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Discussion Starter · #1 ·
Hi I'm new to this site but have a question;
I have recently bought some beautiful walnut burl veneer ( 0.6mm thick) and am using cold press method and "Tightbond professional strength veneer adhesive" The problem I am having when doing test runs is after the adhesive has cured and I take clamps etc off the burl is wavy and has bubbles between the burl and sub strata - any idea why this is happening? I am putting plenty of glue down and have also tried with less glue but no joy..!

Secondly the burl in its natural state is quite wavy..when it is glued down will the dimensions increase or stay the same ( length and breadth not thickness) ?
Cheers
Ant
 

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I agree you need to get some veneer softener. Burl walnut is pretty stiff and wavy so it resists gluing and it doesn't take very much of a void to create bubbles. You would also have better luck if you would get a vacuum press to do you veneer work. The size will increase but I think it will be so slight I don't think you could measure it. I normally make veneer oversized and trim off the excess after it is applied so the size doesn't make any difference.
 

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Discussion Starter · #4 ·
I agree you need to get some veneer softener. Burl walnut is pretty stiff and wavy so it resists gluing and it doesn't take very much of a void to create bubbles. You would also have better luck if you would get a vacuum press to do you veneer work. The size will increase but I think it will be so slight I don't think you could measure it. I normally make veneer oversized and trim off the excess after it is applied so the size doesn't make any difference.
Ah cool thanks I'll buy some and look at buying a vacuum press...you say veneer oversize and then trim off excess but what if I'm doing a design with various elements ie coffee table with 8 - 10 different veneer components?? :icon_confused:
 

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Old School
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Ah cool thanks I'll buy some and look at buying a vacuum press...you say veneer oversize and then trim off excess but what if I'm doing a design with various elements ie coffee table with 8 - 10 different veneer components?? :icon_confused:
If that's the case, you cut your patterns to fit.




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Ah cool thanks I'll buy some and look at buying a vacuum press...you say veneer oversize and then trim off excess but what if I'm doing a design with various elements ie coffee table with 8 - 10 different veneer components?? :icon_confused:
When I veneer something has designs with multiple pieces I cut and fit the veneer and lay it out face up and bind them together with masking tape so all the pieces make up a single sheet. The outer part that makes the border though I leave it oversized in case it scoots slightly when glued. Then after it's dry I trim off what is left over.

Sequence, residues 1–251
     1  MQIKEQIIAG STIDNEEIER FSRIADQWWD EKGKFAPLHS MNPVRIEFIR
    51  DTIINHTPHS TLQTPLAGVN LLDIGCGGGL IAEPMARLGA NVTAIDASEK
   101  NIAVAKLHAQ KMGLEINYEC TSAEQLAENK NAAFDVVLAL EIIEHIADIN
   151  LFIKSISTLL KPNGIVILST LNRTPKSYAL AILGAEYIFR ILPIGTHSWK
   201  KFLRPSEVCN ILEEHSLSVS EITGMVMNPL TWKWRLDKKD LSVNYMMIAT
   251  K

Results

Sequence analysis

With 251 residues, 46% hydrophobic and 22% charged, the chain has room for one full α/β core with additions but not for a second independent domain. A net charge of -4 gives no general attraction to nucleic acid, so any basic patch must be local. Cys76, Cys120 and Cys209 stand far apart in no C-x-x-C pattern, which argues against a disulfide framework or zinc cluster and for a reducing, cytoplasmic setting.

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When I veneer something has designs with multiple pieces I cut and fit the veneer and lay it out face up and bind them together with masking tape so all the pieces make up a single sheet. The outer part that makes the border though I leave it oversized in case it scoots slightly when glued. Then after it's dry I trim off what is left over.
If you use a vacuum bag, there is the possibility of the overhanging edges getting bent, split, or cracked. The fitted pieces could shift.




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Discussion Starter · #8 ·
OK thanks to everyone for your advice....I'm from London UK and am finding the veneer softener difficult to source. I've found a formula online which is as follows;

1 gallon of water
8 Oz of glycerin
8 Oz of Methalated spirits (denatured alcohol)

Will there be any side effects using this formula..? Walnut burr is really expensive haha
 

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If you use a vacuum bag, there is the possibility of the overhanging edges getting bent, split, or cracked. The fitted pieces could shift.








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I don't leave enough of a overhang that that is an issue. I leave less than 1/8". It's better than have it shift and have the veneer 1/16" short on the edge.
 

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Rick Mosher
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Burl veneers are very unstable. All of the commercial veneer shops I have worked for make a 3 ply veneer with the burl on the outer face and each layer at 90 degrees to the previous one. That stabilizes the veneer much more preventing buckling and checking in the future. After pressing the 3 ply then they press it to the substrate. The vacuum press will eliminate any wrinkling you are having.
 

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Discussion Starter · #11 ·
Burl veneers are very unstable. All of the commercial veneer shops I have worked for make a 3 ply veneer with the burl on the outer face and each layer at 90 degrees to the previous one. That stabilizes the veneer much more preventing buckling and checking in the future. After pressing the 3 ply then they press it to the substrate. The vacuum press will eliminate any wrinkling you are having.
ah cool..that sounds like a good idea - thanks :smile:
 
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